Bangko Sentral warns speculators as peso hits 4-year highBy Michelle V. Remo
Philippine Daily Inquirer
MACTAN, Cebu—As the peso strengthened to its highest in four years, the central bank on Tuesday warned against currency speculation and reminded banks about the non-eligibility of money from foreign clients in the special deposit account (SDA) facility.
The Bangko Sentral ng Pilipinas said it wanted banks to put up a system that would detect sources of funds being invested in the SDA facility. Specifically, the BSP wanted banks to have a means to prove to regulators that the funds they were placing in SDAs were not money coming from their foreign clients.
Last July, the BSP announced that it was prohibiting foreign funds from being invested in the central bank’s SDA facility, a virtually risk-free investment vehicle that earns about 4 percent interest across all maturities.
The prohibition was aimed at curbing speculative activities involving the peso-dollar exchange rate. Regulators believed that because of speculation that the peso would further appreciate over the near term,
fund owners were selling dollars and investing in pesos to take advantage of potential earning opportunities. Some of the pesos bought by speculators were believed to be being parked as investments in the SDA facility of the central bank.
BSP Governor Amando Tetangco Jr. said the SDA facility should not be accommodating foreign investments, particularly those that are speculative in nature. The facility was meant to siphon off excess peso liquidity to keep inflation manageable, he said.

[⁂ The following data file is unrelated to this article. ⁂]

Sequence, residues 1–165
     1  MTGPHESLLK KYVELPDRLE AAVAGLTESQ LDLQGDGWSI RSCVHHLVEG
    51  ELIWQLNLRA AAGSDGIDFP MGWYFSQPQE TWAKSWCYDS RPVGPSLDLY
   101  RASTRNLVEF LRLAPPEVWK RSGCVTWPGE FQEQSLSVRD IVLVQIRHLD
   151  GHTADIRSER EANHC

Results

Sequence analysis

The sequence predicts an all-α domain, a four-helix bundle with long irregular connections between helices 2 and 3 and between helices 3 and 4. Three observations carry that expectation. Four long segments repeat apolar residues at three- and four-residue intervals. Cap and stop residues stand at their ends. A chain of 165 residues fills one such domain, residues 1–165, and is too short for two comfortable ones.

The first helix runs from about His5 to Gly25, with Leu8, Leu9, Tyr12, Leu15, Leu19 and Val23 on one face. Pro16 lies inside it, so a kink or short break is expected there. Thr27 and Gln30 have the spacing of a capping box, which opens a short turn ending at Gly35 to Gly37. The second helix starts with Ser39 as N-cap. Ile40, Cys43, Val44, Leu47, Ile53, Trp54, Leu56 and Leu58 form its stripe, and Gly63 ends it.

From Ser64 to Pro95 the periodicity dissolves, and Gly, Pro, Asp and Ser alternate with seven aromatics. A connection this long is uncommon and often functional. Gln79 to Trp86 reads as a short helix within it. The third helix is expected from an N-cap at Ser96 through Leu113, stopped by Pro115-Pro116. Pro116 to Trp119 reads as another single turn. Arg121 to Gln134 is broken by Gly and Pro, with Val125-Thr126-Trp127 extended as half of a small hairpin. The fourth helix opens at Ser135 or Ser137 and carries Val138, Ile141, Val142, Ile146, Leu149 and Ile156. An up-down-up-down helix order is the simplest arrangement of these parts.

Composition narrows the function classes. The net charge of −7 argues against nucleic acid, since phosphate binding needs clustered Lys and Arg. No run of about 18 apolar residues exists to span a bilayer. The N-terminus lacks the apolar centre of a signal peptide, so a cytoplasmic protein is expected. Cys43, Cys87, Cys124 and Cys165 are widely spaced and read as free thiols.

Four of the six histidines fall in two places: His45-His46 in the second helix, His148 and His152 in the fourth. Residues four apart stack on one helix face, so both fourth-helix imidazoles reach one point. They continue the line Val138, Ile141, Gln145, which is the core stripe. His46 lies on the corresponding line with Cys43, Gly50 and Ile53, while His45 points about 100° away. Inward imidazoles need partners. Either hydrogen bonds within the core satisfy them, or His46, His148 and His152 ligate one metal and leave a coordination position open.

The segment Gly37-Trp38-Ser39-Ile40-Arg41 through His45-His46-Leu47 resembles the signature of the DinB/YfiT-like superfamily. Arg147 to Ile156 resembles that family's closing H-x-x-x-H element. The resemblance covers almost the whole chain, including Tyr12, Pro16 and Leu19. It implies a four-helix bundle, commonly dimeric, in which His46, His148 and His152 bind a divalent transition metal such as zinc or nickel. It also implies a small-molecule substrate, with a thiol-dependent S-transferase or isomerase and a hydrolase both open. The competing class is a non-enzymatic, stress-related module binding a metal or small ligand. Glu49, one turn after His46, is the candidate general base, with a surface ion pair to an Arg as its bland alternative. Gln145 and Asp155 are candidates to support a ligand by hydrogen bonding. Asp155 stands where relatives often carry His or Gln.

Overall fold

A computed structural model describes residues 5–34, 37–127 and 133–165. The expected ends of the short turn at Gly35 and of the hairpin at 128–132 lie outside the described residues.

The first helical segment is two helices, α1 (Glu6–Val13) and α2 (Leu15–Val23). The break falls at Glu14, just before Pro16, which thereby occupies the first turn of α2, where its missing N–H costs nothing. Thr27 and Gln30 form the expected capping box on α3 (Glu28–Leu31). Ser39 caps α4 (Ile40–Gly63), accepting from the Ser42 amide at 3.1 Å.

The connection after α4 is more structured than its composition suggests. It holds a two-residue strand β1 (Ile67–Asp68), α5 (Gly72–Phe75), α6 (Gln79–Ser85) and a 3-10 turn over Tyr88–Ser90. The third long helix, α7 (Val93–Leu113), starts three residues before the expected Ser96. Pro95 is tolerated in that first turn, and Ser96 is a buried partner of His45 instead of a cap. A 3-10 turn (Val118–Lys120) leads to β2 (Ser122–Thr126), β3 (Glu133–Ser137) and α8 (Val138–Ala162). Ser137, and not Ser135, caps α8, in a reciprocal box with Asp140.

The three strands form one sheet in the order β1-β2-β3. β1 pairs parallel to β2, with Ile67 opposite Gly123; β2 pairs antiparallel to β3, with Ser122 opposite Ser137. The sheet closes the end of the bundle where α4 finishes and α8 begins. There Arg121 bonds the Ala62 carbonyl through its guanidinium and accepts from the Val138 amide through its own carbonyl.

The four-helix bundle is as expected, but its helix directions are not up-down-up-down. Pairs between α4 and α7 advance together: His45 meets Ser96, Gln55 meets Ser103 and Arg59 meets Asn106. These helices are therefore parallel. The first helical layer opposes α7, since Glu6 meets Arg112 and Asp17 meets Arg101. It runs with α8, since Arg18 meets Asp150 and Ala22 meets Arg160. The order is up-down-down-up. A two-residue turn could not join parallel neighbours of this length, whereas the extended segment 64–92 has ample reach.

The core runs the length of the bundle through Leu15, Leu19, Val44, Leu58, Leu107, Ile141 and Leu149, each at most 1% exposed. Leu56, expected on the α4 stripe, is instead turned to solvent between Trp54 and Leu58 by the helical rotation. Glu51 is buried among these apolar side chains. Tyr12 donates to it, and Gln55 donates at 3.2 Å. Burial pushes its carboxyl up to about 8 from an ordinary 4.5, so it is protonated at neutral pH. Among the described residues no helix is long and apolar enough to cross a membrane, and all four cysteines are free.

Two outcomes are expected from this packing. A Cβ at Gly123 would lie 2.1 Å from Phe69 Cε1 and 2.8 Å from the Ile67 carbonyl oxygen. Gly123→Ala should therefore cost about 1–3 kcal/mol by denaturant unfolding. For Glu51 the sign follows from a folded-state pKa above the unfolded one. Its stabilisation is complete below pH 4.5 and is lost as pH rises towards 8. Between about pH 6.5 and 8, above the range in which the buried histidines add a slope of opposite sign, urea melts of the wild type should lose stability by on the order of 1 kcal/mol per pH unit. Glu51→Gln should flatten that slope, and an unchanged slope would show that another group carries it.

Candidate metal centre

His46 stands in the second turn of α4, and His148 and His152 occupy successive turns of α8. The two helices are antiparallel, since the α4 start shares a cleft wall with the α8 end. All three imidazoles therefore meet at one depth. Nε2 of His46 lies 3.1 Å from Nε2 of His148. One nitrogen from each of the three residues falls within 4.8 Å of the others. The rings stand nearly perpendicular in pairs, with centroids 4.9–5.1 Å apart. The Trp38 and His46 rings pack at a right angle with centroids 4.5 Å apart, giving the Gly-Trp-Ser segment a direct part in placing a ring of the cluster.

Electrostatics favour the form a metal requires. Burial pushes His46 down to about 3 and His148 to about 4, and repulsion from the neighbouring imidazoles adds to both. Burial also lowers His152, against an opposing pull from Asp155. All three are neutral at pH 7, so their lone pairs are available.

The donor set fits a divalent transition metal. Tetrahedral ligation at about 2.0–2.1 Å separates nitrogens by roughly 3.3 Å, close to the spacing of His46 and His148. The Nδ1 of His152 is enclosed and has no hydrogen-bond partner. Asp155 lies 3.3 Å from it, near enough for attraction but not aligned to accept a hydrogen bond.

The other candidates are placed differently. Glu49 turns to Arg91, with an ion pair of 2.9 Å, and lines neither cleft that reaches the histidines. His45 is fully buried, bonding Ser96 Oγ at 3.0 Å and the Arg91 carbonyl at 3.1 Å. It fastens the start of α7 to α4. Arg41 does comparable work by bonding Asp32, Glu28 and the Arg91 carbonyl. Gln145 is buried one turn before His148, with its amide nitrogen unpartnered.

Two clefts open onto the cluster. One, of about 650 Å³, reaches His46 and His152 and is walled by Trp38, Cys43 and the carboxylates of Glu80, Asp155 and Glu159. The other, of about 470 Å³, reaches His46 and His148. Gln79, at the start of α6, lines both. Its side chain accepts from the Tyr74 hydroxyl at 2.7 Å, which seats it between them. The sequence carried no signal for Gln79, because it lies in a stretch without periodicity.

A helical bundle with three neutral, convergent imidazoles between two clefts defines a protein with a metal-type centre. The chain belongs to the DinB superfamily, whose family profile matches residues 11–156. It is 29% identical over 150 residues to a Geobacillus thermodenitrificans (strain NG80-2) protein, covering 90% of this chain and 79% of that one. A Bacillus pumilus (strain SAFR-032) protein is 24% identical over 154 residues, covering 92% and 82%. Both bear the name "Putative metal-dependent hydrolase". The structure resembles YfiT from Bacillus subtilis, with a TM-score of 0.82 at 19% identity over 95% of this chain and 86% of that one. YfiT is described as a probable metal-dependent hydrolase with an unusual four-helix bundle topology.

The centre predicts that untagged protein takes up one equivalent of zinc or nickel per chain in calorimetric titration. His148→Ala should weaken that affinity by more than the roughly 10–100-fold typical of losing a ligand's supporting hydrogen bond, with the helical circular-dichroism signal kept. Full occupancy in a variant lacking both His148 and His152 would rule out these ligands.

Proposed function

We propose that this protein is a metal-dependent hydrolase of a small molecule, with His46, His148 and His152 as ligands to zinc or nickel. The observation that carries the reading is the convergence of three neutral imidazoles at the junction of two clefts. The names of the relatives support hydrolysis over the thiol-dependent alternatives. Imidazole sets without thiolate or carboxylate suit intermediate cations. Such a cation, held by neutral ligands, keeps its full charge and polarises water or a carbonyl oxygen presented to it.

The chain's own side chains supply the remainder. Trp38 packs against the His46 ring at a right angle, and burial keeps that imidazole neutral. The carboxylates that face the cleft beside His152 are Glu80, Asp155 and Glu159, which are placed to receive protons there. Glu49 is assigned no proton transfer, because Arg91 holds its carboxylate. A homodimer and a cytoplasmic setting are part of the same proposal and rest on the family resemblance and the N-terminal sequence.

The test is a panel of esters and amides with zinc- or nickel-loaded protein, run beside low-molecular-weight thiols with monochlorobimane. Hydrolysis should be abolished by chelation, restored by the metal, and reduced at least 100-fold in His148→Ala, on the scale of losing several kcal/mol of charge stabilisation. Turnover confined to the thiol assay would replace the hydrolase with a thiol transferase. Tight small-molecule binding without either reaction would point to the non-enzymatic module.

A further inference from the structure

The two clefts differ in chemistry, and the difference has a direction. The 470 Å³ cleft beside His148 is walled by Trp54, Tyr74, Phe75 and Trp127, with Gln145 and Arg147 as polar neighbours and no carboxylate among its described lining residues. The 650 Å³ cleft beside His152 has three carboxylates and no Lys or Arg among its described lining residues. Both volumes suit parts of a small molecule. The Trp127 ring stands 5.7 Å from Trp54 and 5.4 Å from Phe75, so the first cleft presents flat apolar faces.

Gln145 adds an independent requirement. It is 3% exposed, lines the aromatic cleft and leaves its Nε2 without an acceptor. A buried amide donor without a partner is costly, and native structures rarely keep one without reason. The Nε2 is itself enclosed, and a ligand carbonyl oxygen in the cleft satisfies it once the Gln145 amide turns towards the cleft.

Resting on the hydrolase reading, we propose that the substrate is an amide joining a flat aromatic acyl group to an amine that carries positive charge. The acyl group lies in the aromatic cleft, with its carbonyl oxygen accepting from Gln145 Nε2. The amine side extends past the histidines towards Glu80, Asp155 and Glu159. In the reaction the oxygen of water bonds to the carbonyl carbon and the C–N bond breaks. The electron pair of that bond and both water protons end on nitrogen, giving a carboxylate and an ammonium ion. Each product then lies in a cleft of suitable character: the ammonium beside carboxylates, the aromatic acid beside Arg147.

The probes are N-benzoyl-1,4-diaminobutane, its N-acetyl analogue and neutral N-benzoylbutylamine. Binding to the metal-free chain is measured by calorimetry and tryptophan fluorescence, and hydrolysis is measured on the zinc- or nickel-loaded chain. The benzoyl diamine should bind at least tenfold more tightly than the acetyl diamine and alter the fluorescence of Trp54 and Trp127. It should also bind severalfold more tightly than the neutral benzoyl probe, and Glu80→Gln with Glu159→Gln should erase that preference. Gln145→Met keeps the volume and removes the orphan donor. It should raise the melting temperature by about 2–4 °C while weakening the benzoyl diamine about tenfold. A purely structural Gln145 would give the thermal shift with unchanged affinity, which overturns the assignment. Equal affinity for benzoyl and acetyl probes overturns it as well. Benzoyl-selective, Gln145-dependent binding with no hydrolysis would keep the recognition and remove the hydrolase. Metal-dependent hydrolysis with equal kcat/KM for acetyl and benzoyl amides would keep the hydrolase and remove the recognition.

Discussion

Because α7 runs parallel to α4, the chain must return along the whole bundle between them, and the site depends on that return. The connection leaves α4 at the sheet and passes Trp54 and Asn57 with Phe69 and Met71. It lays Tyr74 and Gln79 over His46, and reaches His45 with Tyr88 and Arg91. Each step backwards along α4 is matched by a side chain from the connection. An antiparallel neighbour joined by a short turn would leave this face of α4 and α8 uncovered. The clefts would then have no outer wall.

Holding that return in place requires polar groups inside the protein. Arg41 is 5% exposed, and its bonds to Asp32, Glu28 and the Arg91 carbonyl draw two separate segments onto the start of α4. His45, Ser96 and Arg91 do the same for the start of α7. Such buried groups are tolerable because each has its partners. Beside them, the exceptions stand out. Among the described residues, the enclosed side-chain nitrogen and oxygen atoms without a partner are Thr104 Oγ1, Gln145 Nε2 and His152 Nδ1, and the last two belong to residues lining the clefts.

“Banks have to put in place a system that will make sure they are able to comply with the regulation against SDA placements funded by foreign money. They must establish a system through which they can tell [the BSP] the source of the SDA funds,” Tetangco told reporters at the sidelines of a financial literacy program held here and organized by the BSP and the Organization for Economic Cooperation and Development (OECD).
The peso again strengthened to the 41-to-a-dollar territory this month, hitting a new four-year high on Monday. On Tuesday, the local currency closed at 41.56 to $1. Regulators attributed the appreciation of the peso to the favorable economic performance of the Philippines and the economic problems of advanced economies—both of which are driving foreign investment funds (mostly the speculative “hot money”) to the Philippines.
Tetangco said the BSP would exercise flexibility in intervening in the foreign exchange market, such as by buying dollars, to prevent sharp and sudden movements in the exchange rate.
Tetangco said the BSP maintained the policy of allowing the exchange rate to be generally determined by the market, but would keep the flexibility to participate in the market to avoid sharp fluctuations.
The BSP said it did not have a bias in favor of a strong or weak peso, but stressed that sharp and sudden fluctuations should be avoided. Too much volatility, it explained, harms businesses and the economy in general.
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